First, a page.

It has been just over six months since the Off-Payroll legislation took effect in the private sector. According to a recent survey commissioned by IR35 Shield, it has had a significant and damaging impact on contractors and firms that rely on their talent.
Unsurprisingly, the focus on coping with the pandemic resulted in many firms being unprepared to challenge the legislative complexity and preferring to steer clear of the unknown. Subsequently, many risk-averse companies banned the use of limited company contractors, much to their detriment. But, matters are improving.
The survey findings
The survey of 3,750 contractors sought to understand firms behaviour leading up to April 2021 and how the market has reshaped itself. The results indicate that whilst firms were attempting to recover from the pressure of the pandemic, the new legislation created an additional and unwanted hurdle.
Despite Government consultations leading up to the changes, indicating that a third of contractors were likely to be "deemed employees", 47% of respondents said that firms never bothered to run assessments, instead choosing to impose blanket bans. Whilst pressing the reset button to clear out the "perm-tractors" may have been the least worse option for firms harbouring hundreds of contractors, this appears to have been harmful. Survey respondents indicated that 65% of firms lost at least half their contractors, 35% cancelled projects, and 50% thought firms would have long term damage.
This harm caused is the hidden cost of the Government's drive towards tax fairness.
Ignorance was not bliss
Unfortunately, it appears many firms left things too late due to the false impression that nothing was changing other than which party conducted the status assessment. By the time they understood the facts, contractors had already started voting with their feet, and it was too late.
Even those who began preparations earlier experienced the unfortunate "IR35 PR wars," making it hard for firms to get good advice on a complex topic they had not encountered before. Newly self-crowned pop-up IR35 experts emerged in the market, armed with a rudimentary understanding of the legislation, resulting in a peppering of contradictory and confusing mixed messaging. The unclear advice fuelled the decisions of firms to issue blanket bans, the consequence being numerous acts of commercial self-harm.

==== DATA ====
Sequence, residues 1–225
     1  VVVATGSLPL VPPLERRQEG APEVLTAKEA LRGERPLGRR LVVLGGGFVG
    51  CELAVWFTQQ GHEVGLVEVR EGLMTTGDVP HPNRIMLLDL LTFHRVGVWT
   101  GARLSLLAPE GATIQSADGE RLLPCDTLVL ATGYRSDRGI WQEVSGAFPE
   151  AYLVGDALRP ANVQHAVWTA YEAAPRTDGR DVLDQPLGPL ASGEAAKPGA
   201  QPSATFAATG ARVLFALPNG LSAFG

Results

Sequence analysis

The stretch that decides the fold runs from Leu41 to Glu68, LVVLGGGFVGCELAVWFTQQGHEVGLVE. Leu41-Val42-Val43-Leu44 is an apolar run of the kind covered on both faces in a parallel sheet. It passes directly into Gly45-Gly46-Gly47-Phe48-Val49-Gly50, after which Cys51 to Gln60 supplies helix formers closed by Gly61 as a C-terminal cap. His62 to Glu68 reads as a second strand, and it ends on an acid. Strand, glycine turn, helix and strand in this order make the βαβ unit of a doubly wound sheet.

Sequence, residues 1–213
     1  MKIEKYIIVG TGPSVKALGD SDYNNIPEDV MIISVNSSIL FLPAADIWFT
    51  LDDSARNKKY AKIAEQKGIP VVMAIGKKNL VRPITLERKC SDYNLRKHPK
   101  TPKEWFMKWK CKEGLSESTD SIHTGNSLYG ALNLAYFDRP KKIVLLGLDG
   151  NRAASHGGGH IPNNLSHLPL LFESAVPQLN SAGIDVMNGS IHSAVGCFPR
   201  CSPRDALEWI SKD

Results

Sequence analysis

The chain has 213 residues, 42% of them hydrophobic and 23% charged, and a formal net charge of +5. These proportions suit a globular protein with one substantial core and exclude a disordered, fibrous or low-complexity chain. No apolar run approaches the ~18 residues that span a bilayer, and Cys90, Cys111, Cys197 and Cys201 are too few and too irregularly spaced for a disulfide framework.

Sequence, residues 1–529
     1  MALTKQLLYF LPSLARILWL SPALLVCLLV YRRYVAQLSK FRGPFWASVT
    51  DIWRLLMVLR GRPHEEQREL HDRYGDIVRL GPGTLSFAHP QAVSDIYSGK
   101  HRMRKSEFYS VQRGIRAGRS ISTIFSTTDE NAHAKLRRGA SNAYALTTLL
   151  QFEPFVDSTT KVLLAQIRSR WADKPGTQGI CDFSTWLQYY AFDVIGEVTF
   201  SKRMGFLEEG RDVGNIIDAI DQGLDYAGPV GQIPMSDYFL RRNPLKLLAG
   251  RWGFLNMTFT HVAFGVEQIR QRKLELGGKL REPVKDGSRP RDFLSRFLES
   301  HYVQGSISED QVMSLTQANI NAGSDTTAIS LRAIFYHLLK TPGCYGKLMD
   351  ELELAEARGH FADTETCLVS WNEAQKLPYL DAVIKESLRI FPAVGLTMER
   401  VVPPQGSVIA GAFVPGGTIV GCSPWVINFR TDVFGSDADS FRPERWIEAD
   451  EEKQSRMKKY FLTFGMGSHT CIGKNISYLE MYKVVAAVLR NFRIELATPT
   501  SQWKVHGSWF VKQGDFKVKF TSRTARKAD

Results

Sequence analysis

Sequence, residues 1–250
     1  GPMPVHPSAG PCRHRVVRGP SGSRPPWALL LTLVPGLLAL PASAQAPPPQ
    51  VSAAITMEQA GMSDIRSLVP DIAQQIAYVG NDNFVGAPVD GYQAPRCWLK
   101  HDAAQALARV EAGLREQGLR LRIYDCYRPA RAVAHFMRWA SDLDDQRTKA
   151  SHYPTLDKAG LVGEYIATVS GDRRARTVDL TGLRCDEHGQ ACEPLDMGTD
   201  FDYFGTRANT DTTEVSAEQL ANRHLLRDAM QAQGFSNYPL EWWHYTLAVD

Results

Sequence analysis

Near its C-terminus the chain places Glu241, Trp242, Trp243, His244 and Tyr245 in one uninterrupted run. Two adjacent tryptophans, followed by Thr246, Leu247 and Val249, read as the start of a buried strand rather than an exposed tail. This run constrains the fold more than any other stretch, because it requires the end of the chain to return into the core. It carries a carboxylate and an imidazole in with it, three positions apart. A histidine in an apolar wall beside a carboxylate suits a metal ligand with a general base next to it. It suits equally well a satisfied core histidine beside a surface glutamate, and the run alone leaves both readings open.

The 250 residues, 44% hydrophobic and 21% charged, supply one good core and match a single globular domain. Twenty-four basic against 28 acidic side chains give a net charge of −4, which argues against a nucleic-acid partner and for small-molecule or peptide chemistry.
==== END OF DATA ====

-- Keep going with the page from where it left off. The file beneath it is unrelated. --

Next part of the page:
These bans meant many firms cut off their ability to hire the best talent, leading to cancelled and delayed projects. Whilst 48% of respondents told us that firms moved some of their projects offshore, unnecessarily benching UK workers may not have been what the Treasury had in mind to increase the tax take.
However, more recent indications from our IR35 frontline show firms are now engaging more with experienced specialist advice and have realised the IR35 bogeyman doesn't exist. With a considered approach, the legislation is entirely manageable.
Before explaining how IR35 is manageable, let's have a recap of the challenges.
A recap of IR35 and Off-payroll
The purpose of the new Off-payroll legislation was originally to be a wholesale replacement of the longstanding Intermediaries Legislation from 2000, commonly referred to as "IR35". However, due to an exemption introduced during the consultation phase, the original legislation remains in Chapter 8 of ITEPA 2003 and applies to contractors working for small companies. The newer version in Chapter 10 of ITEPA 2003 now applies to the public sector and medium and large companies. Both are somewhat confusingly referred to as "IR35", and firms need to understand the differences to avoid accidental exposures.
The common element is assessing whether the relationship between the contractor and hiring firm may be "deemed employment", which is colloquially referred to as their "IR35 status". And this is where the complexity sits.
These assessments can be a daunting challenge for firms, particularly when assessing large numbers of contractors quickly, effectively, and consistently. Firms must establish whether a contractor is "Inside IR35", which means further tax is due, or "Outside IR35", meaning the relationship is genuinely self-employment. An incorrect evaluation could result in a significant tax hit for companies that gets the determination wrong.
Because of the complexity of the underlying case law, which relies on considering the contractual paperwork and conduct of the engagement, the status evaluation can potentially be arduous and time-consuming.
Resolving this burden is where a blend of human expertise and automation can considerably help. Firms with in-house experts may wish to streamline their processes whilst maintaining control, whilst others may require access to status experts to help with their determinations. Automation also aids firms adherence to reasonable care when making their status determinations – which is a provision embedded in the legislation designed to protect firms from tax risk if they have informed other parties in the supply chain that a contractor is inside IR35.
Reasonable care and legislative fault-lines
Tax practitioners will be familiar with the concept of reasonable care from the Taxes Management Act 1970, whereby if the taxpayer is careless, the enquiry window can be extended, and penalties applied. The Off-payroll legislation (Chapter 10 of ITEPA 2003) also features reasonable care in section 61NA(2), which states that reasonable care must be taken "in coming to the conclusion" in a status determination statement (SDS); otherwise, it is not valid. If the SDS is invalid, then the client remains liable for any taxes subsequently due.